Jose Martin V. Ursúa

Primary Colors

GMT-Master II

Absence makes the heart grow fonder, and a decade without a red-and-blue-bezeled GMT-Master has left Rolex enthusiasts thirsting for Pepsi.  Some experts were convinced that it would never return, citing Rolex’s apparent distaste for nostalgia and any celebrations of the brand’s heritage.  The unveiling of this new GMT-Master II (Ref. 126710 BLRO) at Baselworld 2018 is a happy course correction, and reaffirms the model’s crucial place in the Rolex pantheon.   

The story of the GMT-Master began with a request from Pan Am, the world’s premier airline after World War II.  With the increasing speed and range of aircraft, the American carrier needed a watch that could help its pilots keep track of separate time zones.  To meet Pan Am’s requirements, Rolex designers refined its tool watch concepts (introduced in 1953 with the Explorer, Submariner, and Turn-o-Graph), while incorporating a fourth hand that rotated once every 24 hours.  Lastly, the watch would have a 24-hour-marked bezel that could be rotated to match the pilot’s local time.  Utility was further boosted by the inclusion of a date window—a feature that would not appear on the Submariner until the late 1960s.  For nearly seven decades, the GMT-Master, and the GMT-Master II that followed it, have been big hits.

The 3rd generation GMT-Master II (Ref. 116710) marked Rolex’s first use of the watch world’s new wonder substance, ceramic.  The non-metallic bezel insert was designed to be resistant to scratches and the fading effects of UV light.  But ceramic can be a difficult material to work with, and expanding its color palette beyond black has been tricky for Rolex. Each new hue of Cerachrom represented years of R&D, and combining two colors on a one-piece insert presented its own set of problems.  A less meticulous company would have glued half-circles together, but Rolex developed a process that would add pigmentation for both colors to a single piece of ceramic before it was fired.  This process was first showcased on the black/blue “Batman” (Ref. 116710 BLNR), but in 2013 Rolex had not yet formulated a stable red pigment. 

So how does the latest GMT-Master II compare with its legendary ancestors?  Let’s return to the headline feature: All eyes gravitate toward the bold colors of the BLRO (BLeu/ROuge) bezel.  The bezel insert is the same as it was on the white-gold model of 2014 –a monobloc, two-tone ceramic piece with platinum-filled numerals that are bold and exceptionally legible. It is a stunning return of much-missed colors that, despite their familiarity, remains cheekily conspicuous.  Set against stainless steel, they are a reminder of the model’s utilitarian roots.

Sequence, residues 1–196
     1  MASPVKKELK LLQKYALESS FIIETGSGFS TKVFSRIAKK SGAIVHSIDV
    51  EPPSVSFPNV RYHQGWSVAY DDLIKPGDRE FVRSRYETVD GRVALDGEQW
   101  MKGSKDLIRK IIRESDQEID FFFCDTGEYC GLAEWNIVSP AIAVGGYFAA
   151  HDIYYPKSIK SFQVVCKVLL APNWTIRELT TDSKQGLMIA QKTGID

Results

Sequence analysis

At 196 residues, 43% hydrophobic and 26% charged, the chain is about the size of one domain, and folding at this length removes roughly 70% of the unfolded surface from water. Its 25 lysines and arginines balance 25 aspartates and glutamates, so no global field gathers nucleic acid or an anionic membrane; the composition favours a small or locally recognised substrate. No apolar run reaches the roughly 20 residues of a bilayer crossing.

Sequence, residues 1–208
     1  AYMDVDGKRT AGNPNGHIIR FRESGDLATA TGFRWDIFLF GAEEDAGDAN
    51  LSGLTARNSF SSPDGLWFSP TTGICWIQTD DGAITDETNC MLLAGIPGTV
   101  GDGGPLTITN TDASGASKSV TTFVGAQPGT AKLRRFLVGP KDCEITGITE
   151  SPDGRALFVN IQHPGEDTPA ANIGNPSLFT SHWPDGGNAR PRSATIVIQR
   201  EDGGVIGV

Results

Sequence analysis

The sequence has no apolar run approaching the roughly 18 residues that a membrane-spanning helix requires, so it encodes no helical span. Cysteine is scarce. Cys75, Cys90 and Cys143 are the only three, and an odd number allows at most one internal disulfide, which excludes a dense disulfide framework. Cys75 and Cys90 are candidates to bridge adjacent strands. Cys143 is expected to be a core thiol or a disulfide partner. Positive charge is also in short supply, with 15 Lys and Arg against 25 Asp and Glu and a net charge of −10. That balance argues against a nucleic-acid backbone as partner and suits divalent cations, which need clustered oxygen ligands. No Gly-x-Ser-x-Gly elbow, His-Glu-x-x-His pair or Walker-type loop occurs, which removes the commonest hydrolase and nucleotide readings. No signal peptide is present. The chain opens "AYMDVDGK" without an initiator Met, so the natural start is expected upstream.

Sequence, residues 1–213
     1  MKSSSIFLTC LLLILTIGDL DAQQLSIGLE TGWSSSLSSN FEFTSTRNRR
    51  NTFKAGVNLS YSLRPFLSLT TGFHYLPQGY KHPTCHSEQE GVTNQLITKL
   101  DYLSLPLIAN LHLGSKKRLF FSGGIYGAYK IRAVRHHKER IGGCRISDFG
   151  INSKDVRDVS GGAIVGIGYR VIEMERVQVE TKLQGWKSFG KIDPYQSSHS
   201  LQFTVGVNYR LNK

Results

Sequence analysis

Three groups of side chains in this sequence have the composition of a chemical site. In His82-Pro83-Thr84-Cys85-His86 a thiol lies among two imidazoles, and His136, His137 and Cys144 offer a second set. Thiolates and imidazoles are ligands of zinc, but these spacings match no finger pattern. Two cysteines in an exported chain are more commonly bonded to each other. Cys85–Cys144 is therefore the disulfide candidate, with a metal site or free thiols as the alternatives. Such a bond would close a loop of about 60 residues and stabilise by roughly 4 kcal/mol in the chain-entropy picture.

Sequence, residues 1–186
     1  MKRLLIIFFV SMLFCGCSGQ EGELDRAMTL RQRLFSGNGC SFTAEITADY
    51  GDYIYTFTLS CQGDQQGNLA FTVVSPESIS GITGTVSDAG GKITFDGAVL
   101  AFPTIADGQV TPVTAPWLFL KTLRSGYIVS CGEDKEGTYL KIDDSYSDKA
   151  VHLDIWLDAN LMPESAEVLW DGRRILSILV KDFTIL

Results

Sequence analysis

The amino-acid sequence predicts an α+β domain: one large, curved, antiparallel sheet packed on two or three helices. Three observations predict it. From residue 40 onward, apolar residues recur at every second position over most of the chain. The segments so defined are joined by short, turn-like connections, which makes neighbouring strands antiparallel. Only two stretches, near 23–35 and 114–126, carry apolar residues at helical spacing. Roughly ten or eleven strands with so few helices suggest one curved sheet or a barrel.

Uniquely for a Rolex sports watch, the GMT-Master II is paired with the Jubilee band.  This normally complements a dress watch like the Datejust, but from the early 1970s to the mid-2000s the Jubilee was offered as an option, often taken.  Incredibly, this preferred pairing has never appeared in Rolex advertising or catalogs, so it is a small surprise to see the company officially acknowledging its popularity.  The solid half-moon links are arguably the most comfortable among Rolex bracelet types, while the Oysterlink clasp incorporates the convenience of the 5mm Easylink extension. 

It would be easy for Rolex to raid its parts bin for the case and call it a day, but the return of the stainless-steel Pepsi demands more.  The 40mm Oyster mid-case has been subtly remolded to be less blocky than its immediate predecessor, and more like the graceful GMTs of old.  This comes as a relief to fans of classic Rolex and slim cases.  The dial remains unchanged, with a deep gloss-black surface behind the plots and text.  Maxi Submariner hands are joined by the classic red GMT pointer.

To further prove that this new GMT-Master II is more than skin-deep, Rolex uses the occasion to debut Calibre 3285, replacing the previous Cal. 3186.  The new automatic movement incorporates advances such as the nickel-phosphorus Chronergy escapement, which is 15% more efficient than the previous generation.  In conjunction with the revised mainspring barrel, the power reserve stretches from 50 hours to 70.  Less immediately evident are the improved anti-magnetic and anti-shock properties, greater reliability, and increased accuracy.  While it shares the “Superlative Chronometer “ designation of past GMT-Masters, its daily variance of +/-2 seconds means this timepiece is twice as accurate as a passing-grade chronometer.

For those wanting a GMT-Master II that is more subtle and precious, Rolex now offers  variants in Everose (rose gold) and two-tone Everose Rolesor.  What sets these new watches apart from both the classic “Root Beer GMT” and current yellow-gold variants are their own two-tone, one-piece ceramic bezel inserts.  Instead of the gold/brown hues of Root Beers past favored by 80s-era stars like Clint Eastwood and Peter Weller, these are formed in brown and black Cerachrom.  Under certain lighting conditions, this new “Root Beer” almost looks like a Pepsi GMT behind a sepia tone filter.  It is a unique appearance unlike any GMT-Master before it, straddling the line between sporty and dressy. 

The Pepsi GMT is an icon.  It is one of the most recognizable Rolexes, and one of the most famous sports watches in history.  If an aficionado were forced to choose just one Rolex to wear for the rest of his life, the GMT-Master II makes a strong case for being that single watch.  Functionally, it packs more into a 40mm case than any of its stablemates.  Aesthetically, there is much to please both contemporary and vintage-leaning tastes.  The problem is scarcity: Anyone interested in this watch should have been on a waiting list immediately after the Baselworld 2018 announcement.  More circumspect individuals may be in for a very long wait for one tremendously desirable Rolex.